Study in Germany

Study in Germany

A key prerequisite for the internationalisation of German universities and the raising of their international profiles is a diverse student population. On average, over 11% of students currently studying at German universities are from outside Germany, either attending as part of an exchange programme or with the goal of attaining a German university degree.

Due to the substantial increase in applications from non-EU countries over the past decade, the German Rectors’ Conference (HRK) has helped to establish the uni-assist (e.V) service which pre-processes the applications of prospective international students in order to ease the burden on university administration services.

Good German-language skills at an academic level are essential to study successfully German taught programs in Germany. The HRK has worked together with the Standing Conference of the Ministers of Education and Cultural Affairs (KMK) and other partners in developing a regulatory framework and series of examinations for assessing language competency. The Professional Association of German as a Foreign Language (FaDaF) verify the content and standard of the universities’ DSH examinations, which are registered by the HRK; this then guarantees that they are recognised by other universities.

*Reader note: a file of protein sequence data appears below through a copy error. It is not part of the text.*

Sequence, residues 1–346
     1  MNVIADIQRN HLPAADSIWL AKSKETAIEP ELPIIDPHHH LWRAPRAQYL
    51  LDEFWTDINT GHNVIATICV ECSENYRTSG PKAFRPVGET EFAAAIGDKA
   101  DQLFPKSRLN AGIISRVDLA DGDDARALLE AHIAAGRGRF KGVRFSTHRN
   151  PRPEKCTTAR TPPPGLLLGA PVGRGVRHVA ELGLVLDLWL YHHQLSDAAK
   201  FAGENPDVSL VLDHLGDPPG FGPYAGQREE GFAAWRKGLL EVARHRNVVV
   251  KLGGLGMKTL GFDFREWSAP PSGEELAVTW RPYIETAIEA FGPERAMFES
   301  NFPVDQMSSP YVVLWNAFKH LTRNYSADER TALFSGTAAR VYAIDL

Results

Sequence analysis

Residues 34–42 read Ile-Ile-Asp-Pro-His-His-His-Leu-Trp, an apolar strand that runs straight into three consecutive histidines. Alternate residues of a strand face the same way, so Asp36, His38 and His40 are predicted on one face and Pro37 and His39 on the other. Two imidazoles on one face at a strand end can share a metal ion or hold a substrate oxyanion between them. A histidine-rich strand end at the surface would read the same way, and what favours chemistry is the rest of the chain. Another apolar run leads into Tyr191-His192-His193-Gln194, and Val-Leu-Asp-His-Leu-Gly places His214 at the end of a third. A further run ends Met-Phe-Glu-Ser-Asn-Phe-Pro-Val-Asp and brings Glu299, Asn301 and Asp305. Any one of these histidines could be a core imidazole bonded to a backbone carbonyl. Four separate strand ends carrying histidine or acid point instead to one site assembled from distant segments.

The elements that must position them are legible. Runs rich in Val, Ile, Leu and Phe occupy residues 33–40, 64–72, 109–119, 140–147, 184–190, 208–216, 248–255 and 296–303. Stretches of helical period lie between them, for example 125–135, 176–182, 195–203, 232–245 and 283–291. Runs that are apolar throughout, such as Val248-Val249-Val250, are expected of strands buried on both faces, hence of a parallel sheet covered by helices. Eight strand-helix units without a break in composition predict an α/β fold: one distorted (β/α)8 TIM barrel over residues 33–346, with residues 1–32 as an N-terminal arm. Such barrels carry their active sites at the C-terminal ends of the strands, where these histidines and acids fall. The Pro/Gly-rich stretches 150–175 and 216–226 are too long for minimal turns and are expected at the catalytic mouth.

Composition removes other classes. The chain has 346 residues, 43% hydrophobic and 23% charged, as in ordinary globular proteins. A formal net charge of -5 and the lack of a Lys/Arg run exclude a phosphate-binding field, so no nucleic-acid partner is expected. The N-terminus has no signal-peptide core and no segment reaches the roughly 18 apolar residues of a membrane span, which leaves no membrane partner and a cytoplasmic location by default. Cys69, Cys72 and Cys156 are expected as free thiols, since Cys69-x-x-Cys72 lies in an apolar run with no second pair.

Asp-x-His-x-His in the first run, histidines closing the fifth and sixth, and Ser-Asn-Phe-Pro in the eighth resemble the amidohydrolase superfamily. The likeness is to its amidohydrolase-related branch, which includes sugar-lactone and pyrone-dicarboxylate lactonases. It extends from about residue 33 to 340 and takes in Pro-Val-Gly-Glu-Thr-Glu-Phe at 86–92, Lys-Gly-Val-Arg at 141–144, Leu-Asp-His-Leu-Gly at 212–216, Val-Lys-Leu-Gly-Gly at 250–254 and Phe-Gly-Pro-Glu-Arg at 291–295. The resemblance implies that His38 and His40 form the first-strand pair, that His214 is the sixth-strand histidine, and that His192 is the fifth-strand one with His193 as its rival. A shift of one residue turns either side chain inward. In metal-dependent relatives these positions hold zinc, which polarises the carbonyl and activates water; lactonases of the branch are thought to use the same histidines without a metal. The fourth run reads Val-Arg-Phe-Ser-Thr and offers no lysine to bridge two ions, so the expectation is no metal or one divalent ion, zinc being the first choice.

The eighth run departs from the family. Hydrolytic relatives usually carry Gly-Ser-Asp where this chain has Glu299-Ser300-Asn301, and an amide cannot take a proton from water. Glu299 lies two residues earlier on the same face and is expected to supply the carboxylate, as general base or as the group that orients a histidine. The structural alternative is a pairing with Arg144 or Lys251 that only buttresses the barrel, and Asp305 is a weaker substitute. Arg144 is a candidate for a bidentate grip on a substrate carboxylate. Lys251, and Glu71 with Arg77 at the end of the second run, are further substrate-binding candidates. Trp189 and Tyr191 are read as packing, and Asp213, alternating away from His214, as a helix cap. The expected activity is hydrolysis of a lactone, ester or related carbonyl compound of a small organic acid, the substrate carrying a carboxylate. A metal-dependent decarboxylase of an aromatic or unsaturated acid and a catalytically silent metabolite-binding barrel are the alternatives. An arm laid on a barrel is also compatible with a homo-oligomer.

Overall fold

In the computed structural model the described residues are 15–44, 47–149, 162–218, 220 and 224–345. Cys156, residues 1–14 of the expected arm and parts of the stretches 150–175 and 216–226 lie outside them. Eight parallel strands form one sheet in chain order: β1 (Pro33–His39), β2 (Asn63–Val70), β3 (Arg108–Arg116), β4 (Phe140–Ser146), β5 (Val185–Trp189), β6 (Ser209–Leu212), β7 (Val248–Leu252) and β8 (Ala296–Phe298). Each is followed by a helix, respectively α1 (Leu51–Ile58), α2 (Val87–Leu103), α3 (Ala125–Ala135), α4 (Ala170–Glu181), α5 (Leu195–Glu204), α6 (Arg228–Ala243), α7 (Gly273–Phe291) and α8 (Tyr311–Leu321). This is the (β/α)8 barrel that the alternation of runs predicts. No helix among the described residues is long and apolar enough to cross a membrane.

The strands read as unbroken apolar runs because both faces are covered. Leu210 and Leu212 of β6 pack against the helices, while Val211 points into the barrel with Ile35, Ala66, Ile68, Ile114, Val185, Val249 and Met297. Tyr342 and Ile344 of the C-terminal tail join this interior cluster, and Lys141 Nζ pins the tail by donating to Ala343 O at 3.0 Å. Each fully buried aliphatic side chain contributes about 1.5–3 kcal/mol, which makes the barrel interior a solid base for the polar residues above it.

The use of the TestAS (assessment test which measures intellectual abilities particularly important for university studies), which was developed by the TestDaF Institute, enables universities to evaluate the chances of an applicant’s success. The subject-specific sections of the test make it particularly suitable as a university entrance examination.

Applicants from China, Vietnam and Mongolia are required to have their documents pre-checked at the Academic Evaluation Centre (APS) in order to obtain a student visa. However, German universities may request that this procedure be fast-tracked, known as a “simplified procedure”, if the quality of the applicant has been confirmed through a university’s internal selection process. A special programme then prepares these students for studying in Germany.

Students from schools abroad that have a connection to Germany represent an especially interesting group of potential applicants. In this case, it can be assumed that students have had some preparation for studying in Germany in terms of knowledge of the language and culture. It is even possible to take the German ‘Abitur’ at accredited German schools abroad.

In November 2009, the General Meeting of the German Rectors' Conference adopted a
National Code of Conduct for German Universities Regarding International Students.